Tuesday, July 3, 2012

Potty Sticker Chart Tips

For Natalie's first potty chart, I wanted to let her place the stickers herself where ever she wanted.  So, I divided a piece of poster board down the middle.  One half was for pee and the other poop.  Natalie's goal was to fill the pee side of the chart to get a reward (a Twilight Turtle).  I was glad I went with this system because Natalie had her own ideas about sticker placement.  She liked to group and layer them.

After a few weeks, the chart was no longer interesting to Natalie.  And, we had transitioned from Pull-Ups to undies.  We were working on getting all of the pee  into the potty.  So, I made a new chart.  This one had ten spots per line and twelve lines.  At the end of every line, she gets a small prize (like a dollar store board book or 99 cent pair of sunglasses).  At the end of the whole chart she will get to pick a big prize.  Currently, there has been talk of going out for ice cream.  Natalie of course wanted to put the stickers all over, but she caught on quickly that she had to place them in specific places.

We had some set backs during the completion of this chart, so we made a third chart.  I was inspired by the Candyland game board.  (picture to come when its completed).  Its worked well that we've been using Cars stickers on it.  Natalie has trouble following the road, though.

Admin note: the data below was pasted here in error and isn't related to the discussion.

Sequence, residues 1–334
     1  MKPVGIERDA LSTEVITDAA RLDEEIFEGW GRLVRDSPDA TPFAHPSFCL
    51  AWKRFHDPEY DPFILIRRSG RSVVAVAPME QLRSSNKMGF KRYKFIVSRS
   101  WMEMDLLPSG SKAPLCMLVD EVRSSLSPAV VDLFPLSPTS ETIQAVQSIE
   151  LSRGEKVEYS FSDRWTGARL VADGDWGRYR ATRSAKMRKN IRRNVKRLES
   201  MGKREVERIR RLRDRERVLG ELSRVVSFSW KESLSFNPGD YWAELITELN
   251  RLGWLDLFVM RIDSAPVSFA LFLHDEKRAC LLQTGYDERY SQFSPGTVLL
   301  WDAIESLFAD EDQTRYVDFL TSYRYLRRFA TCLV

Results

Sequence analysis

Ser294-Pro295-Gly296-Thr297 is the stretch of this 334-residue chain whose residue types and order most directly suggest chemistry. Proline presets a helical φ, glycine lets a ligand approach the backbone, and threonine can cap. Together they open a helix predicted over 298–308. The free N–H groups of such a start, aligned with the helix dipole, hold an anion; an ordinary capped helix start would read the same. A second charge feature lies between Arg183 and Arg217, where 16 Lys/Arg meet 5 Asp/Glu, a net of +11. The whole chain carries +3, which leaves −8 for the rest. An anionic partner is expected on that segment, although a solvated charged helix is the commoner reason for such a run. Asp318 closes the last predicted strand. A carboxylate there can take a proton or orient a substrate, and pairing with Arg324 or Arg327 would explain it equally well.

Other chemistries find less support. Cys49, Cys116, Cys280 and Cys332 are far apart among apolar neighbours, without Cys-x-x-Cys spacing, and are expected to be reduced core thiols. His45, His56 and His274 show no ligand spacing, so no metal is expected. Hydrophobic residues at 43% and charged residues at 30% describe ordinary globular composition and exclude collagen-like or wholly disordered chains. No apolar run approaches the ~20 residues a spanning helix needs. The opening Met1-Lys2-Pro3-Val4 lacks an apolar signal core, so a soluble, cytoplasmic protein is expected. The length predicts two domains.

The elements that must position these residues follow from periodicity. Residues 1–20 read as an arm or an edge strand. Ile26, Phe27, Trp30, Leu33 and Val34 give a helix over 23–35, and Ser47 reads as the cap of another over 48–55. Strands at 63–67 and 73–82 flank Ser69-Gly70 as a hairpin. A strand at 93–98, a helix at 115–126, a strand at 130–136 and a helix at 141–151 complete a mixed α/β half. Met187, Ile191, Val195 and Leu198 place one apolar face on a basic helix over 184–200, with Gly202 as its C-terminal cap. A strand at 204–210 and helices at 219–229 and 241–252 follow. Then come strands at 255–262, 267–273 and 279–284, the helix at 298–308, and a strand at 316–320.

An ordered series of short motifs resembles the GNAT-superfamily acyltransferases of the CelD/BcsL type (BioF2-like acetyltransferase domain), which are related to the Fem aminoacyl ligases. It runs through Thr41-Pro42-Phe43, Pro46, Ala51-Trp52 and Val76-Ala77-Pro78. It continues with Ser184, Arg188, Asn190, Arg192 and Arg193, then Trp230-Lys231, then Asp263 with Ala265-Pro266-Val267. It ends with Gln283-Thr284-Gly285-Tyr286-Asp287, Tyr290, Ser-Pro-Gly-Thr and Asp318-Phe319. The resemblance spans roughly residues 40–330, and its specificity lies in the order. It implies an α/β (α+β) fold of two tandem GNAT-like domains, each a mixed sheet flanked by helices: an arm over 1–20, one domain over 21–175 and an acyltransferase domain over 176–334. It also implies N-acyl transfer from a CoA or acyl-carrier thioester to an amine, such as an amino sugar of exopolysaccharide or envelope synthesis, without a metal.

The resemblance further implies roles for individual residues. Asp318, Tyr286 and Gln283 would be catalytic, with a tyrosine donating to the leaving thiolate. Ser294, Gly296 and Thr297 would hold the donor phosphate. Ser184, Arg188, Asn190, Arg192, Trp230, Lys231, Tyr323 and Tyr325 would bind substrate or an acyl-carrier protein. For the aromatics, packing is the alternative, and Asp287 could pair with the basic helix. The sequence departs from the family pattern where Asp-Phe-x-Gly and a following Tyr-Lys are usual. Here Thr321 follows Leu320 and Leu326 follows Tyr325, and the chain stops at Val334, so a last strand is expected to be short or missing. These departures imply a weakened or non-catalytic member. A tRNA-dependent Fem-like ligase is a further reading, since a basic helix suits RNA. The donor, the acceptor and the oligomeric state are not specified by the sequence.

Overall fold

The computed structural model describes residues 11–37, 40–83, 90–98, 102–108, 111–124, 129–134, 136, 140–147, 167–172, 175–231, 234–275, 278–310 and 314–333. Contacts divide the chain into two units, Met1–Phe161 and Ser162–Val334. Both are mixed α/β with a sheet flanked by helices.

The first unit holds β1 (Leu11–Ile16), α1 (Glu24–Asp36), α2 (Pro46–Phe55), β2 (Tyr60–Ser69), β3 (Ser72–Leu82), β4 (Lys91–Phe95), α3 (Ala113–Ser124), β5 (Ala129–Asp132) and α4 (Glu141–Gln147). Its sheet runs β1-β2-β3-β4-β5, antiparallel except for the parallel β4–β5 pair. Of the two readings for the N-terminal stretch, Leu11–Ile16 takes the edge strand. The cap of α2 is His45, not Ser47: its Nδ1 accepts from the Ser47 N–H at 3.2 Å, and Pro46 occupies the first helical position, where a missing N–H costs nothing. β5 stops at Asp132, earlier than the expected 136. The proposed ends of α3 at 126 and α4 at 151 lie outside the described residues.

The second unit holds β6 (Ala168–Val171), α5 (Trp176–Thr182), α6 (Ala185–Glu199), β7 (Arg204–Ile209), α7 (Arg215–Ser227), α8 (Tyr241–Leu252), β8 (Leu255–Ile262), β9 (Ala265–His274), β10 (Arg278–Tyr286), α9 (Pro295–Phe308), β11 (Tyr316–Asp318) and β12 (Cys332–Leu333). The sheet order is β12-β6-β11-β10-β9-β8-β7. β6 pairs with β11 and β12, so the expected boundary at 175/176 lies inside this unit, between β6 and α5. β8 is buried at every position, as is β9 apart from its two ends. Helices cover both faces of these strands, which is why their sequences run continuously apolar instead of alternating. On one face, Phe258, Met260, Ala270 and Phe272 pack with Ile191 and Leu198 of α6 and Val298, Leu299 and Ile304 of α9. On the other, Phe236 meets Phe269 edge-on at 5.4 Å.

So, here is what I've learned:
  • Know your goal.  Your goal will determine how you set up your chart.  For our first chart we wanted to reward anything that got into the potty.  On our second chart we wanted to reward progress towards staying dry more often.  And I foresee a chart rewarding days in a row dry.  These goals determined how many squares (if any) we needed and how big. 
  • If you are trying to fill a large space, don't give super small stickers as an option.  And vice versa.  If you want it to take a while to fill a smaller space, give small stickers.  
  • Get super sticky stickers.  We had trouble with ours falling off. 
  • Keep your chart out of reach of younger siblings. Don't underestimate those grabby hands. 
  • When interest wanes, try getting new stickers.  Maybe get a relative involved by asking them to mail some stickers for the chart.  
  • I wish I had made our charts portable.  Consider making them from a file folder.  Then you can fold it in half and tuck it in your bag when you go out.  This is especially great if you are going to have some day trips.  

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